Operation Japan Tsunami Debris Cleanup

May 21, 2013
Japan Tsunami debris cleanup efforts in Tofino BC

Who can forget the shocking devastation of the March 11, 2011 earthquake and tsunami that struck Japan, claiming some 19,000 precious lives.  With the 8.9 magnitude quake sweeping an estimated 25 million tons of debris into the Pacific Ocean, officials estimate that as much as 1.5 million tons of it could wash up on BC shores.  Travelling at an average of 10 miles per day, it took a full year for debris to start showing up in Tofino.  As memories from Japan continue to sporadically float in, the community rallies with volunteer cleanup efforts. 

With the majority of large debris sinking long ago, it’s buoys, household items, bottles and random things like construction helmets that we’re now seeing wash up with heavier subsurface debris expected to reach some areas starting next month. 

This past weekend, local businesses and Ahousaht First Nations teamed up with volunteers for a beach cleanup in Clayoquot Sound after Atleo River Air Services spotted debris in remote beach areas on Flores Island.  Cleanup crews were transported in by water taxi and treated to a traditional First Nations welcome ceremony and salmon BBQ.

The Great Canadian Shoreline Cleanup – a conservation initiative of the Vancouver Aquarium and WWF Canada – has been a driving force in the coordination of volunteer cleanup events in targeted areas.  Items from Japan are recovered, inventoried and when possible, returned to their rightful owners. 

Speaking of rightful owners, maybe you heard about the Harley-Davidson motorcycle that was found on a beach in Haida Gwaii, north of Tofino?  Its 29-year-old owner, Ikuo Yokayama, was traced using the Japanese license plate.  He was still living in temporary housing after the tsunami had destroyed his home and taken three members of his family.  Hearing of the story, Harley-Davidson offered to restore the bike and ship it back to him however, Yokoyama suggested they preserve it in its current condition and exhibit it to memorialize the tragedy and lives lost.  It’s now on display at the Harley-Davidson Museum in Milwaukee, WI.  Read on for the full story and images.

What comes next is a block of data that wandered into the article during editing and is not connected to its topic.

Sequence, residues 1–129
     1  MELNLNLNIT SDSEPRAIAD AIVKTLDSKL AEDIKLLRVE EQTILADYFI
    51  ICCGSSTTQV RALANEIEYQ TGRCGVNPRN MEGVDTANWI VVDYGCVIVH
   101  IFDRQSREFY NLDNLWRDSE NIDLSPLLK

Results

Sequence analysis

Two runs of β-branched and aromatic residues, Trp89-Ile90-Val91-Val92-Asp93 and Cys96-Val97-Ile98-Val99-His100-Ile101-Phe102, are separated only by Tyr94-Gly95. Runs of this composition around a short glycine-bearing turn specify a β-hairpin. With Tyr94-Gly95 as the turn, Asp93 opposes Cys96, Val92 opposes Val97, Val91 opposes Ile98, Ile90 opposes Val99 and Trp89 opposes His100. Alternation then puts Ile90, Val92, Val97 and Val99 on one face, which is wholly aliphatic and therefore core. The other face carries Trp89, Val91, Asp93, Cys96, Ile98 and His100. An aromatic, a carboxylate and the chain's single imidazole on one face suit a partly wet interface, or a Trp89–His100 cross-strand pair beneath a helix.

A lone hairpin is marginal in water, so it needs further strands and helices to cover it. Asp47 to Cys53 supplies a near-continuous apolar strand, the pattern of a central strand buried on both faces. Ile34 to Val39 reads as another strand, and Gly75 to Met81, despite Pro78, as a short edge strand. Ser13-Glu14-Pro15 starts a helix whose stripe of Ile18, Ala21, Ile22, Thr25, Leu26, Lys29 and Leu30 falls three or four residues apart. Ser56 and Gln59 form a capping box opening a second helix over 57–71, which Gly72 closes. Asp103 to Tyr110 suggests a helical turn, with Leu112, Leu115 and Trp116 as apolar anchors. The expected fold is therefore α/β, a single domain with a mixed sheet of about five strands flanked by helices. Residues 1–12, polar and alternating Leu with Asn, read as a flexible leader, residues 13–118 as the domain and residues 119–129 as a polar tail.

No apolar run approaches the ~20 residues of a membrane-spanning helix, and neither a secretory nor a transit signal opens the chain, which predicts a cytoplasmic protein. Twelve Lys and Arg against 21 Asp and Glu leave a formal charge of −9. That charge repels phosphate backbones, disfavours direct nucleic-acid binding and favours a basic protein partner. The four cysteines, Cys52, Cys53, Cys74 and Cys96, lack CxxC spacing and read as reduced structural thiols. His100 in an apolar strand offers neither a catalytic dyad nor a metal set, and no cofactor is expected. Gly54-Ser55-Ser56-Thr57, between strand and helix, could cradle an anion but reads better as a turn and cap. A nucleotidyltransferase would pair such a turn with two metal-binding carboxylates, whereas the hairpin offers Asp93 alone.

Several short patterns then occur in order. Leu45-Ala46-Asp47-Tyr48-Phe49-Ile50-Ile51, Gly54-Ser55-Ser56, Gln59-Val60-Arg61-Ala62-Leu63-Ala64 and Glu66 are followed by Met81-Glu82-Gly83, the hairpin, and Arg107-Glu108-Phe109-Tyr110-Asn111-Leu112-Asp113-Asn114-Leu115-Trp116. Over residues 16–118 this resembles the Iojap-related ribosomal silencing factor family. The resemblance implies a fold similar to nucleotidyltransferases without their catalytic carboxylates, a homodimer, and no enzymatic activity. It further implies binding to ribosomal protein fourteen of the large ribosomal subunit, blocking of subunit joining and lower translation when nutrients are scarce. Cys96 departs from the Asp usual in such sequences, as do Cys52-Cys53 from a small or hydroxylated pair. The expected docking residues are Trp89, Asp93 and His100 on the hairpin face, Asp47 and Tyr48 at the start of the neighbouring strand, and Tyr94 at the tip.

As Japan rebuilds, its courageous spirit shines through with memorial projects including:

  • 500 stone monuments being erected along the tsunami-hit coast
  • 17,300 cherry trees being planted along the 107-mile high-water mark from the tsunami

With nothing but ocean between Tofino and Japan, we offer a standing ovation to the courage and resilience of our western neighbours.  We also extend a heartfelt thanks to the many volunteers for their cleanup efforts and commitment to protecting the delicate ecosystems of our shoreline.

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